Motivation: Historically, gene expression has been shown to be the most informative data for drug response prediction. Recent evidence suggests that integrating additional omics can improve the prediction accuracy which raises the question of how to integrate the additional omics. Regardless of the integration strategy, clinical utility and translatability are crucial. Thus, we reasoned a multi-omics approach combined with clinical datasets would improve drug response prediction and clinical relevance.
Results: We propose MOLI, a Multi-Omics Late Integration method based on deep neural networks. MOLI takes somatic mutation, copy number aberration, and gene expression data as input, and integrates them for drug response prediction. MOLI uses type-specific encoding subnetworks to learn features for each omics type, concatenates them into one representation and optimizes this representation via a combined cost function consisting of a triplet loss and a binary cross-entropy loss. The former makes the representations of responder samples more similar to each other and different from the non-responders, and the latter makes this representation predictive of the response values. We validate MOLI on in vitro and in vivo datasets for five chemotherapy agents and two targeted therapeutics. Compared to state-of-the-art single-omics and early integration multi-omics methods, MOLI achieves higher prediction accuracy in external validations. Moreover, a significant improvement in MOLI’s performance is observed for targeted drugs when training on a pan-drug input, i.e. using all the drugs with the same target compared to training only on drug-specific inputs. MOLI's high predictive power suggests it may have utility in precision oncology.

11:35 AM-11:55 AM
Multi-group factor analysis framework for structured single-cell omics data
Room: San Francisco (3rd Floor)
  • Danila Bredikhin, EMBL, Germany

Presentation Overview: Show

Single-cell RNA sequencing (scRNA-seq) has become an ubiquitous method for studying gene expression dynamics. However the high dimensionality of the datasets and the inherent amounts of technical noise make the analysis of scRNA-seq data challenging.

An important computational strategy for analysing scRNA-seq is dimensionality reduction allowing one to learn a latent representation of the cells, which can be used for data interpretation, visualisation, and feature extraction. Existing approaches typically ignore the rich structure of single-cell experiments, which may include multiple groups of cells or multiple omics profiled.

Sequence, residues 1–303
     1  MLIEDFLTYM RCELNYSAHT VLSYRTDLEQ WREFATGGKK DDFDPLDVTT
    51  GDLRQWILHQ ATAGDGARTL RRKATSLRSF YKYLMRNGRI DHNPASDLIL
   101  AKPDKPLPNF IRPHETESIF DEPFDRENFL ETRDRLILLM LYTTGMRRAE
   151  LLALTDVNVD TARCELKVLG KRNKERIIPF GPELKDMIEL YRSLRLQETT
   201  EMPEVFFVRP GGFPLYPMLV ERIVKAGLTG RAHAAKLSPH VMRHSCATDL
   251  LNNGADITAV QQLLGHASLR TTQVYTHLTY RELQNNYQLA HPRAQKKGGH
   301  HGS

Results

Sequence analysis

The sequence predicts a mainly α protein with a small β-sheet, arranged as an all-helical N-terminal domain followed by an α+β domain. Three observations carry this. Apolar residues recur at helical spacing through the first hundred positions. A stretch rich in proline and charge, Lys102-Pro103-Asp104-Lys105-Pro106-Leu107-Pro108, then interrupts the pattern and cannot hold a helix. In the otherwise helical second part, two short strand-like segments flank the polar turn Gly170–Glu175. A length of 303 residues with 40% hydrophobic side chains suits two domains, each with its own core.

We propose a statistical framework for learning the latent sources of cell-to-cell variability in structured data sets. The model builds upon group factor analysis, a Bayesian framework that includes hierarchical sparsity priors on factor loadings to efficiently integrate multi-view data. Here we re-define the sparsity priors to include a group-specific regularisation in order to disentangle the activity of factors across multiple groups of cells. Effectively, this allows the quantification, for every latent factor, of how much variability is shared between the different groups of cells, e.g. different cell types, tissues, or donor cohorts.
Importantly, we employ stochastic variational inference and GPU-accelerated computations in order to accommodate large volumes of single-cell sequencing data.

11:55 AM-12:15 PM
Proceedings Presentation: Modeling Clinical and Molecular Covariates of Mutational Process Activity in Cancer
Room: San Francisco (3rd Floor)
  • Welles Robinson, University of Maryland, United States
  • Roded Sharan, School of computer science, Tel Aviv university, Israel
  • Mark Leiserson, University of Maryland, United States

Presentation Overview: Show

Motivation: Somatic mutations result from processes related to DNA replication or environmental/lifestyle exposures.
Knowing the activity of mutational processes in a tumor can inform personalized therapies, early detection, and understanding of tumorigenesis.
Computational methods have revealed 30 validated signatures of mutational processes active in human cancers, where each signature is a pattern of single base substitutions.
However, half of these signatures have no known etiology, and some similar signatures have distinct etiologies, making patterns of mutation signature activity hard to interpret.
Existing mutation signature detection methods do not consider tumor-level clinical/demographic (e.g., smoking history) or molecular features (e.g., inactivations to DNA damage repair genes).
Results: To begin to address these challenges, we present the Tumor Covariate Signature Model (TCSM), the first method to directly model the effect of observed tumor-level covariates on mutation signatures.
To this end, our model uses methods from Bayesian topic modeling to change the prior distribution on signature exposure conditioned on a tumor's observed covariates.
We also introduce methods for imputing covariates in held-out data and for evaluating the statistical significance of signature-covariate associations.
On simulated and real data, we find that TCSM outperforms both non-negative matrix factorization and topic modeling-based approaches, particularly in recovering the ground truth exposure to similar signatures.
We then use TCSM to discover five mutation signatures in breast cancer and predict homologous recombination repair deficiency in held-out tumors.
We also discover four signatures in a combined melanoma and lung cancer cohort -- using cancer type as a covariate -- and provide statistical evidence to support earlier claims that three lung cancers from The Cancer Genome Atlas are misdiagnosed metastatic melanomas.